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Implementing the Cloneable Interface  RSS feed

 
Tianna Taylor-Albin
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I am trying to implement the cloneable interface of the Product class but I keeping getting an error saying that the clone has protected access in Object. I thought the @Override gave access. Can anyone please tell me what I'm doing wrong? Thanks.
 
manish ghildiyal
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You are cloning objects of Product class....so you need to have Product class implementing Clone interface
...then create its instance and call clone() on that. Currently you are implenting Clone on ProductCloneApp.

Manish
 
Paul Clapham
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No, the @Override annotation just tells the compiler to make sure the method it's annotating actually does override a method from the superclass. Which in this case, it does.

But a method whose body only calls the same method from the superclass is actually pointless. If you didn't write that code, then calling the class's clone() method would still call the clone() method from the superclass, which is Object. That's what inheritance does. So I would suggest just not overriding the clone() method.

Edit: Also, as manish says, make sure you make Product cloneable.
 
Ivan Jozsef Balazs
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Paul Clapham wrote:
But a method whose body only calls the same method from the superclass is actually pointless. If you didn't write that code, then calling the class's clone() method would still call the clone() method from the superclass, which is Object. That's what inheritance does.


However Object's clone() is protected, so if you want to provide a public clone method of this type, you have to override Object's one in order to make it public.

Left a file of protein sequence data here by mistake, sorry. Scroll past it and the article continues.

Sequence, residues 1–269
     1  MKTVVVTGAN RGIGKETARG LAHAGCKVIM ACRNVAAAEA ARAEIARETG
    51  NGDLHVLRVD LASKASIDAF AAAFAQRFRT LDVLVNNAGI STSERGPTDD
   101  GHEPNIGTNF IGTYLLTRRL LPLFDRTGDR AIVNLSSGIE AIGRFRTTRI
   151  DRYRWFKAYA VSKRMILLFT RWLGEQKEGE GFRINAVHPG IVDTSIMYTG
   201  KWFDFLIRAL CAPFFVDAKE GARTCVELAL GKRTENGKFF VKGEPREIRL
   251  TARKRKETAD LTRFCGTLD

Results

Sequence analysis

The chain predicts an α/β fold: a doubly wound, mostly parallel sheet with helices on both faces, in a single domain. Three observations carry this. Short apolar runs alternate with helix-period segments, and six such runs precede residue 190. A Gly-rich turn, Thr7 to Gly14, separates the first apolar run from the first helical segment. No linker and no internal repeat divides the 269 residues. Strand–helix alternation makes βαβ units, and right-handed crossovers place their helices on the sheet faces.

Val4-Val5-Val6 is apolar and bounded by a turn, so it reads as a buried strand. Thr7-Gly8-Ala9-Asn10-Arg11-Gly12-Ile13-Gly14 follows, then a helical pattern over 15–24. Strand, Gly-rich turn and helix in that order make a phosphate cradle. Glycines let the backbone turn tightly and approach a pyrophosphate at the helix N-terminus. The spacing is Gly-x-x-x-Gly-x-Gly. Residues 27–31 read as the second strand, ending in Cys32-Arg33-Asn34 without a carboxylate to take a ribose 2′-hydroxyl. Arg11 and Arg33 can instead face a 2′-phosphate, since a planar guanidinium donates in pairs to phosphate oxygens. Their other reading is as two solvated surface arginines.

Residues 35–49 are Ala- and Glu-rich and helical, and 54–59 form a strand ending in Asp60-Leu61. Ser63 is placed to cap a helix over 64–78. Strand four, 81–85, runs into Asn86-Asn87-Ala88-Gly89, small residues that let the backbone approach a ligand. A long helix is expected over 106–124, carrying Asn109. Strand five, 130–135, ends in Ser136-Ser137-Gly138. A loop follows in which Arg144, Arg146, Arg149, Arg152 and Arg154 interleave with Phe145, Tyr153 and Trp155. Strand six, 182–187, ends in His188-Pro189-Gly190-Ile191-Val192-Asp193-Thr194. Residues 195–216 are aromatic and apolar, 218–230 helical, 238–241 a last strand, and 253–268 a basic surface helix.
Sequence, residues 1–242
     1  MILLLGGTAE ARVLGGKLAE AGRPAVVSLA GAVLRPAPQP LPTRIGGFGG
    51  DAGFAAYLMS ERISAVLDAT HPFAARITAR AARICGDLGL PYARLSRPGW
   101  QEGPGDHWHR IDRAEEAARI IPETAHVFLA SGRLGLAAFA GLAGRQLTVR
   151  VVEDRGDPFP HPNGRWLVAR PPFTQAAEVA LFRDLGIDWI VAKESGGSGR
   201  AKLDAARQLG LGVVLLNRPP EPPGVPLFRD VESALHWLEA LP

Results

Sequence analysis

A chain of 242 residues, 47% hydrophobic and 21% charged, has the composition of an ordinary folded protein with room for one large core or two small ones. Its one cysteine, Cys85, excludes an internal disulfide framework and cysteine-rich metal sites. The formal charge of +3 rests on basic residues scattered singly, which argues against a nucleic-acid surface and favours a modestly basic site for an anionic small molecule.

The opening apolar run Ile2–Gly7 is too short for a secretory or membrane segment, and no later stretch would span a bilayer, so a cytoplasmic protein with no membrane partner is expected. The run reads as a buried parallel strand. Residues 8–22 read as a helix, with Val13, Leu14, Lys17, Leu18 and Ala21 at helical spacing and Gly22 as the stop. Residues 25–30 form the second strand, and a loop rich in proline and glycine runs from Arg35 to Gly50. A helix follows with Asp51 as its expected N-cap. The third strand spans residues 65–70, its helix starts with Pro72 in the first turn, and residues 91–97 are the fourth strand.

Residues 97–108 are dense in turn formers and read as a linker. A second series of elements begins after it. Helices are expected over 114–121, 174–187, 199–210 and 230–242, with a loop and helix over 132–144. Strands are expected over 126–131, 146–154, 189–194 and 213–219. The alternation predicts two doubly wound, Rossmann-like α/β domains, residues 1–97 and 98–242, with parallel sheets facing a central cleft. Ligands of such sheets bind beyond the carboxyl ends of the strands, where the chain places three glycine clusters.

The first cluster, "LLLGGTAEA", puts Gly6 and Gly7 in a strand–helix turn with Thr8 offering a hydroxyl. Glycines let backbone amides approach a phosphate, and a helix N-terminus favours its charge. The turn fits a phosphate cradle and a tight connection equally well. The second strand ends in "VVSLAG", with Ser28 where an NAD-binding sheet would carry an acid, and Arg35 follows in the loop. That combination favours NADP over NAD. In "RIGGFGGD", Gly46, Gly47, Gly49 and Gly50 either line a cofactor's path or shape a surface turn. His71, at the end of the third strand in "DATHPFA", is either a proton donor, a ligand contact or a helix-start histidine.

But how to implement it? Well, through "super.clone()"

Object's clone's API docu writes:

By convention, the returned object should be obtained by calling super.clone.
If a class and all of its superclasses (except Object) obey this convention, it will be the case that x.clone().getClass() == x.getClass().
 
Winston Gutkowski
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Tianna Taylor-Albin wrote:Can anyone please tell me what I'm doing wrong?

I think everyone else has covered most of it; however, just one final thing: You don't have to return an Object, and it's usually best not to. These days, you can use covariant returns (look it up) to return a typed object, viz:

@Override
public Product clone() throws CloneNotSupportedException {
...

That way you don't have to cast every time you use it. Obviously, the above assumes that the method is in your Product class.

HIH

Winston
 
Ivan Jozsef Balazs
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Winston Gutkowski
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Ivan Jozsef Balazs wrote:

Unfortunately, a dream too late...

Winston
 
With a little knowledge, a cast iron skillet is non-stick and lasts a lifetime.
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